39th lieutenant governor (2003–2006)[edit]

In January 2001, Risch had his eye on the lieutenant governor's seat vacated by Butch Otter, who resigned after being elected to Congress, but Governor Dirk Kempthorne appointed state Senator Jack Riggs of Coeur d'Alene to the post instead. The next year, Risch defeated Riggs in the Republican primary and won the general election, spending $360,000 of his own money on the campaign.

31st governor of Idaho (2006–2007)[edit]

On May 26, 2006, Risch became governor of Idaho when Kempthorne resigned to become U.S. secretary of the interior. Risch appointed Mark Ricks to serve as his lieutenant governor.[14]

Upon taking office, Risch eliminated Idaho's bureau office in Washington D.C. and replaced it with offices in Idaho Falls and Coeur d'Alene.[15] In August 2006, he called a special session of the Idaho Legislature to consider his proposed property tax reform bill, the Property Tax Relief Act of 2006. In December, he issued an executive order that mandated state agencies to verify whether new employees are legal citizens.[16]

Risch was initially expected to enter the 2006 Republican gubernatorial primary to succeed Kempthorne, who was completing his second term at this time of his federal appointment. But U.S. Representative Butch Otter had already announced his candidacy to replace Kempthorne and gained a significant head start in campaigning and fundraising. In November 2005, Risch announced his intention to seek election again as lieutenant governor. He served out the remaining seven months of Kempthorne's term, which ended in January 2007.

41st lieutenant governor (2007–2009)[edit]

Risch was unopposed for the 2006 Republican nomination for lieutenant governor and defeated former Democratic U.S. representative Larry LaRocco in the general election. Risch's term as governor ended in January 2007 and he returned to the role of lieutenant governor. He resigned as lieutenant governor to take his seat in the Senate on January 3, 2009. Otter named state Senator Brad Little of Emmett as Risch's successor.

U.S. Senate[edit]



On August 31, 2007, the Associated Press reported that Governor Otter might appoint Risch to the United States Senate to succeed the embattled Larry Craig. On September 1, the Idaho Statesman reported that Otter's spokesman denied Risch had been selected and that Otter had "made no decision and he is not leaning toward anybody."[17] On October 9, Risch announced that he would run for the Senate seat.[18] In May 2008, Risch was nominated as the Republican candidate for U.S. Senate.[19] In the general election he defeated former Democratic Congressman Larry LaRocco with 58% of the vote.[20]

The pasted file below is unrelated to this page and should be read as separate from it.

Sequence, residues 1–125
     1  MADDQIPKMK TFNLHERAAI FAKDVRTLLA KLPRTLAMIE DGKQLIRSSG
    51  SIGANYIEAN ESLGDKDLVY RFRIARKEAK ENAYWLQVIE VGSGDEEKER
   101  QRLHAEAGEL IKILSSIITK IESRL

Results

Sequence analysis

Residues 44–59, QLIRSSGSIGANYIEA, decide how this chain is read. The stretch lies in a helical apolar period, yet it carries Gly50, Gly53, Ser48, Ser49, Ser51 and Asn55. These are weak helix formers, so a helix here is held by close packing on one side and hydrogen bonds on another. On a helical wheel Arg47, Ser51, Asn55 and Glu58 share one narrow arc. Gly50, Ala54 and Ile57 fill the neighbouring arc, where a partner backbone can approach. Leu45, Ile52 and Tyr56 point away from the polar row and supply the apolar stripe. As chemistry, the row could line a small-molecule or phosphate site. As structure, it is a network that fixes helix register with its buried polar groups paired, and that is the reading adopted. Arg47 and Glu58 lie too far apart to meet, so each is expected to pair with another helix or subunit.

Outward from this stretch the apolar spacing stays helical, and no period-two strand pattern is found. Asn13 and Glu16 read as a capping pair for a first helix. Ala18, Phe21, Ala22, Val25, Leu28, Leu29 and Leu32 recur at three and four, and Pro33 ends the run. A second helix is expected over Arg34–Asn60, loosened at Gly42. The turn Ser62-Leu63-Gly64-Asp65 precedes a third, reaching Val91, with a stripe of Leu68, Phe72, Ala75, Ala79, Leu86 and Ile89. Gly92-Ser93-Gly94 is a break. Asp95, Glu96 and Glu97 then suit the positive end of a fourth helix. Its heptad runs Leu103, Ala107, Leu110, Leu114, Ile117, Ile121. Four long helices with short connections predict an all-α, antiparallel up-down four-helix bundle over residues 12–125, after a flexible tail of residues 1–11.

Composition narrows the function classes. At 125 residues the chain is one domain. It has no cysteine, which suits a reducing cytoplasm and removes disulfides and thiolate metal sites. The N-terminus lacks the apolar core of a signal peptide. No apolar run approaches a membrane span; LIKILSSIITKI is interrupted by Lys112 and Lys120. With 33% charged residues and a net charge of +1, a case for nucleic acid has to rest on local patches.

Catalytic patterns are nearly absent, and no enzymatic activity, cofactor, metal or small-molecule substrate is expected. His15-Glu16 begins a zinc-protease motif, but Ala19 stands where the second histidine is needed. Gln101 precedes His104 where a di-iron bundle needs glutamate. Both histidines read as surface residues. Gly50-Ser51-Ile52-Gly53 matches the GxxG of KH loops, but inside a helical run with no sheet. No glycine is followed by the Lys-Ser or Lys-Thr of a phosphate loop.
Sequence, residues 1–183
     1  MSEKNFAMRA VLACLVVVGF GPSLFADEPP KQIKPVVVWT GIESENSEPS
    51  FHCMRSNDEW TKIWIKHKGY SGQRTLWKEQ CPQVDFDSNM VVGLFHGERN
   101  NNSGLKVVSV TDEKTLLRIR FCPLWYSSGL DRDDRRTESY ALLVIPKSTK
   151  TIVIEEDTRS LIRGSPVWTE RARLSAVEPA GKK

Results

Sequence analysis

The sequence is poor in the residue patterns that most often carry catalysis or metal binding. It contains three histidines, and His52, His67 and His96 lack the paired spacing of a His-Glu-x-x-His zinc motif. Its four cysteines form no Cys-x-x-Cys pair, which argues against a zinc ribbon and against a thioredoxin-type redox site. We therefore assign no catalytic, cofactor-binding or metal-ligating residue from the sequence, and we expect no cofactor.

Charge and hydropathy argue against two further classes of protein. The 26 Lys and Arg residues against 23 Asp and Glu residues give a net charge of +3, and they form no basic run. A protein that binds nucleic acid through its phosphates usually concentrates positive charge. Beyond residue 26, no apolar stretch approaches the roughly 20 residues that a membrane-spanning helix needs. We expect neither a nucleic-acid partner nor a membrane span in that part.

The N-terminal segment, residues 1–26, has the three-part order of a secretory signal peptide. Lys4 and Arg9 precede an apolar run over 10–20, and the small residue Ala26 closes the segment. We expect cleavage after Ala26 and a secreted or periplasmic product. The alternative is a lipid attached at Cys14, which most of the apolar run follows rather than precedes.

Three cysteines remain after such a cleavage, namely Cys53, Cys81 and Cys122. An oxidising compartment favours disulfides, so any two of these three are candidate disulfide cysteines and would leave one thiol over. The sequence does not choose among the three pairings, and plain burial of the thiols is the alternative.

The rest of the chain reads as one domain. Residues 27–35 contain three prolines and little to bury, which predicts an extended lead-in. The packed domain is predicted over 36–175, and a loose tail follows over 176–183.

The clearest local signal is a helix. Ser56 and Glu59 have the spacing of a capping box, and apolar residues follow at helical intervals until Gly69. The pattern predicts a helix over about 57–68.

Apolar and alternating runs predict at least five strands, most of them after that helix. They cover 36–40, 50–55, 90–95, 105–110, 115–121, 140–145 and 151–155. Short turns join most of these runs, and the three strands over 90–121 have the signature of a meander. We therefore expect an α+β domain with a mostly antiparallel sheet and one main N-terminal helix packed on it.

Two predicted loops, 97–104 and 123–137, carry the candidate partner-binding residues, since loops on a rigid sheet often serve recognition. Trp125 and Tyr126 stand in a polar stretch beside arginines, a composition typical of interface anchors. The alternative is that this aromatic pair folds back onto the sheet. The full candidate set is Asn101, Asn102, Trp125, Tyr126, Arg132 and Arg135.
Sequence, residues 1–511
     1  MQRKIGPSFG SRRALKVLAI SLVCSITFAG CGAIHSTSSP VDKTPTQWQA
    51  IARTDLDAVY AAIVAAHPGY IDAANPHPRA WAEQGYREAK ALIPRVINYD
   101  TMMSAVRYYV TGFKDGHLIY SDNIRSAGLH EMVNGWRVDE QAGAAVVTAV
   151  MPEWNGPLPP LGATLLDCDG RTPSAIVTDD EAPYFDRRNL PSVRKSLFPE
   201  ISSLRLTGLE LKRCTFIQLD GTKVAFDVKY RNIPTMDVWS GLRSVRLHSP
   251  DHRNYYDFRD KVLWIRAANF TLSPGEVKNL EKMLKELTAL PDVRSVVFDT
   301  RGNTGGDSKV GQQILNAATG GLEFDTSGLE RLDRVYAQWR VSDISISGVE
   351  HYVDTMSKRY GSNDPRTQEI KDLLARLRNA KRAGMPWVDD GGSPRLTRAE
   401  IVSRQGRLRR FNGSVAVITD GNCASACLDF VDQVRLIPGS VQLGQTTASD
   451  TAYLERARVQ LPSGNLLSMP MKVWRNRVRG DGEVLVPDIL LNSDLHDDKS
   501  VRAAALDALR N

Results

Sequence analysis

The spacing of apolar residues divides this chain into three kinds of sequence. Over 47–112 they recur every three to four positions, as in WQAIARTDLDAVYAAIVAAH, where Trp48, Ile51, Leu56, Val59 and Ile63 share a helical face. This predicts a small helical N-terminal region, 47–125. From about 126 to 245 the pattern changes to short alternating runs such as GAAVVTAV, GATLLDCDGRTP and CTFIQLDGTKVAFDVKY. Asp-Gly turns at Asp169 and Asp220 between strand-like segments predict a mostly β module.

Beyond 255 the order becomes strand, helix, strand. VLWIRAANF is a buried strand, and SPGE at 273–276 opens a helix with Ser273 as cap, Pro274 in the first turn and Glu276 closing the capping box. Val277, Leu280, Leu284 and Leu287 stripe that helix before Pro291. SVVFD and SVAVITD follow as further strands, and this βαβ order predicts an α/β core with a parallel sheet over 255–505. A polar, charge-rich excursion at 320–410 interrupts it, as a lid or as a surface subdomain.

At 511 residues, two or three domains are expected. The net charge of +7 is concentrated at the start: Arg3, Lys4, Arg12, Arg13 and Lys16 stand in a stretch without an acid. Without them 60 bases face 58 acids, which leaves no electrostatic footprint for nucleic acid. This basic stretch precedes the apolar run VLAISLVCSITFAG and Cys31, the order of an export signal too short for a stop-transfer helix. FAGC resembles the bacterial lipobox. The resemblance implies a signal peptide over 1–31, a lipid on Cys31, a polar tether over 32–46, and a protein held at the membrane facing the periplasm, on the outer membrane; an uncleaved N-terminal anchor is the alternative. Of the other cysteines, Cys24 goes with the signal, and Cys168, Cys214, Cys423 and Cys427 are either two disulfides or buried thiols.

Risch won the Republican primary with 79.9% of the vote[21] and defeated attorney Nels Mitchell in the general election with 65.3% of the vote.[22]


Risch was unopposed in the 2020 Republican primary.[23] He defeated Democratic nominee Paulette Jordan in the general election with 62% of the vote.[24]


Risch with Ivanka Trump, Lauren Gibbs and Shauna Rohbock at the 2018 Winter Olympics in Pyeongchang, South Korea


Risch was one of four freshmen Republican senators in the 111th Congress of 2009, with Mike Johanns of Nebraska, George LeMieux of Florida and Scott Brown of Massachusetts. Republican Senator Mike Crapo of Idaho called Risch "results-oriented".[25]


In 2017, Risch was one of 22 senators to sign a letter[26] to President Donald Trump urging him to withdraw the United States from the Paris Agreement.

On August 11, 2017, in an interview on PBS Newshour, Risch endorsed Trump's threatening North Korea with military destruction in the event that country launched missiles at Guam.[27]

On March 22, 2018, the day before a potential federal government shutdown, Risch threatened to block a government spending bill because it included changing the name of the White Clouds Wilderness protected area to honor a deceased political rival, former Idaho Governor Cecil Andrus.[28][29] Risch ultimately acquiesced.

In January 2019, Risch joined Marco Rubio, Cory Gardner, and Senate Majority Leader Mitch McConnell in introducing legislation that would impose sanctions on the government of President of Syria Bashar al-Assad and bolster American cooperation with Israel and Jordan.[30]


On January 21, 2020, during the first day of opening arguments in Trump's Senate impeachment trial, Risch was the first senator to fall asleep. Courtroom sketch artist Art Lien memorialized his nap.[31]

In 2020, while Chairman of the Senate Foreign Relations Committee, Risch decided not to press Secretary of State Mike Pompeo to testify at the annual budget hearing. Pompeo had just successfully sought to have State Department inspector general Steve Linick fired; at the time, Linick had been conducting a watchdog investigation into the Trump administration's decision to sell arms to Saudi Arabia without congressional approval.[32] For his tenure as chair of the Senate Foreign Relations Committee during the 116th Congress, the nonpartisan Lugar Center's Congressional Oversight Hearing Index gave Risch an "F" grade.[33]